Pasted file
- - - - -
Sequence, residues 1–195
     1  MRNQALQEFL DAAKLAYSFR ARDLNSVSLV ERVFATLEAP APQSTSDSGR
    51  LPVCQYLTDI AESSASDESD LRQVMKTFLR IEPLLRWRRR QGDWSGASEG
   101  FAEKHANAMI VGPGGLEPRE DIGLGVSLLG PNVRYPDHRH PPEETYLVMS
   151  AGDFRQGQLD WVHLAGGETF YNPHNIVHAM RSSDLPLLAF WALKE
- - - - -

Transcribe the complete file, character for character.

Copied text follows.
Sequence, residues 1–195
     1  MRNQALQEFL DAAKLAYSFR ARDLNSVSLV ERVFATLEAP APQSTSDSGR
    51  LPVCQYLTDI AESSASDESD LRQVMKTFLR IEPLLRWRRR QGDWSGASEG
   101  FAEKHANAMI VGPGGLEPRE DIGLGVSLLG PNVRYPDHRH PPEETYLVMS
   151  AGDFRQGQLD WVHLAGGETF YNPHNIVHAM RSSDLPLLAF WALKE